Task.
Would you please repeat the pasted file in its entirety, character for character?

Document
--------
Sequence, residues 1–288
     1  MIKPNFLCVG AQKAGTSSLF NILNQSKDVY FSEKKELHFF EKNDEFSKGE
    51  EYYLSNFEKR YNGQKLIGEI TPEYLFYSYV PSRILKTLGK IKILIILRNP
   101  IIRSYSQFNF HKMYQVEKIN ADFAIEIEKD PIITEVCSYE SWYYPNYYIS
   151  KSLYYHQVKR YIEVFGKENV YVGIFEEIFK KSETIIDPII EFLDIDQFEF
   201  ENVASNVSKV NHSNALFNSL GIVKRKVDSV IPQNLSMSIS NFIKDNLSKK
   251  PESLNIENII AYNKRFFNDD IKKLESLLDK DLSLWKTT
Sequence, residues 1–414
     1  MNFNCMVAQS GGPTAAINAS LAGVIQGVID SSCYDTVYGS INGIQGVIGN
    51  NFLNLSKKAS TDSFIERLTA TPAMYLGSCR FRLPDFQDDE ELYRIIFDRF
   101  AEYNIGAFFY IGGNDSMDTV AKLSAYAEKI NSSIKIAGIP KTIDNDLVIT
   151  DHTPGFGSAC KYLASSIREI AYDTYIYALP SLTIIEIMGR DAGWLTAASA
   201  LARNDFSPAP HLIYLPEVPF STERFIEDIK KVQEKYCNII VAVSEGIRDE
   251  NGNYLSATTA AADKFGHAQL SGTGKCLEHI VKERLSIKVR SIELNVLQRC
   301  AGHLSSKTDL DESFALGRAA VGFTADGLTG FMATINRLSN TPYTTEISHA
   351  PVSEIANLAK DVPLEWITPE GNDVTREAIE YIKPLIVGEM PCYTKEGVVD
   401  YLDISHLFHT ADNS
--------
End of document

Sequence, residues 1–288
     1  MIKPNFLCVG AQKAGTSSLF NILNQSKDVY FSEKKELHFF EKNDEFSKGE
    51  EYYLSNFEKR YNGQKLIGEI TPEYLFYSYV PSRILKTLGK IKILIILRNP
   101  IIRSYSQFNF HKMYQVEKIN ADFAIEIEKD PIITEVCSYE SWYYPNYYIS
   151  KSLYYHQVKR YIEVFGKENV YVGIFEEIFK KSETIIDPII EFLDIDQFEF
   201  ENVASNVSKV NHSNALFNSL GIVKRKVDSV IPQNLSMSIS NFIKDNLSKK
   251  PESLNIENII AYNKRFFNDD IKKLESLLDK DLSLWKTT
Sequence, residues 1–414
     1  MNFNCMVAQS GGPTAAINAS LAGVIQGVID SSCYDTVYGS INGIQGVIGN
    51  NFLNLSKKAS TDSFIERLTA TPAMYLGSCR FRLPDFQDDE ELYRIIFDRF
   101  AEYNIGAFFY IGGNDSMDTV AKLSAYAEKI NSSIKIAGIP KTIDNDLVIT
   151  DHTPGFGSAC KYLASSIREI AYDTYIYALP SLTIIEIMGR DAGWLTAASA
   201  LARNDFSPAP HLIYLPEVPF STERFIEDIK KVQEKYCNII VAVSEGIRDE
   251  NGNYLSATTA AADKFGHAQL SGTGKCLEHI VKERLSIKVR SIELNVLQRC
   301  AGHLSSKTDL DESFALGRAA VGFTADGLTG FMATINRLSN TPYTTEISHA
   351  PVSEIANLAK DVPLEWITPE GNDVTREAIE YIKPLIVGEM PCYTKEGVVD
   401  YLDISHLFHT ADNS